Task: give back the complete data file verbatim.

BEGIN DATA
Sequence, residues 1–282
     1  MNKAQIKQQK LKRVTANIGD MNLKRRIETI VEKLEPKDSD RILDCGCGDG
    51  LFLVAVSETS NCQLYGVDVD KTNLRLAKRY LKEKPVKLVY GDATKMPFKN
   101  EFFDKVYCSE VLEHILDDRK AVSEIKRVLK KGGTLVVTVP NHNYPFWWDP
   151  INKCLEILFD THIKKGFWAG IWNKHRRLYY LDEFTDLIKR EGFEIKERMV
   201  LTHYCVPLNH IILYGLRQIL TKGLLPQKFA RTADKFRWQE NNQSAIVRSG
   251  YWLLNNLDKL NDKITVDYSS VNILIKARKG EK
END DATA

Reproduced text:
Sequence, residues 1–282
     1  MNKAQIKQQK LKRVTANIGD MNLKRRIETI VEKLEPKDSD RILDCGCGDG
    51  LFLVAVSETS NCQLYGVDVD KTNLRLAKRY LKEKPVKLVY GDATKMPFKN
   101  EFFDKVYCSE VLEHILDDRK AVSEIKRVLK KGGTLVVTVP NHNYPFWWDP
   151  INKCLEILFD THIKKGFWAG IWNKHRRLYY LDEFTDLIKR EGFEIKERMV
   201  LTHYCVPLNH IILYGLRQIL TKGLLPQKFA RTADKFRWQE NNQSAIVRSG
   251  YWLLNNLDKL NDKITVDYSS VNILIKARKG EK